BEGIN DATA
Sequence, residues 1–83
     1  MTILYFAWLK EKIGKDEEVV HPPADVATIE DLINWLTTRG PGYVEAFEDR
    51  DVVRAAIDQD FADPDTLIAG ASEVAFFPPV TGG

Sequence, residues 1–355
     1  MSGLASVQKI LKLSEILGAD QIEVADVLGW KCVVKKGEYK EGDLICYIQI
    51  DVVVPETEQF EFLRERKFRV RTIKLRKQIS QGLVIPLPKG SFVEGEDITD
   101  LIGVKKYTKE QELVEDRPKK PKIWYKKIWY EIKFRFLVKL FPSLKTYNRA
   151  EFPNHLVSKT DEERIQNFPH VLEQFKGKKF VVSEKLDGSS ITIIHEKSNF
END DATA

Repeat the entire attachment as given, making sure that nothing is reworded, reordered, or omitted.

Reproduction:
Sequence, residues 1–83
     1  MTILYFAWLK EKIGKDEEVV HPPADVATIE DLINWLTTRG PGYVEAFEDR
    51  DVVRAAIDQD FADPDTLIAG ASEVAFFPPV TGG

Sequence, residues 1–355
     1  MSGLASVQKI LKLSEILGAD QIEVADVLGW KCVVKKGEYK EGDLICYIQI
    51  DVVVPETEQF EFLRERKFRV RTIKLRKQIS QGLVIPLPKG SFVEGEDITD
   101  LIGVKKYTKE QELVEDRPKK PKIWYKKIWY EIKFRFLVKL FPSLKTYNRA
   151  EFPNHLVSKT DEERIQNFPH VLEQFKGKKF VVSEKLDGSS ITIIHEKSNF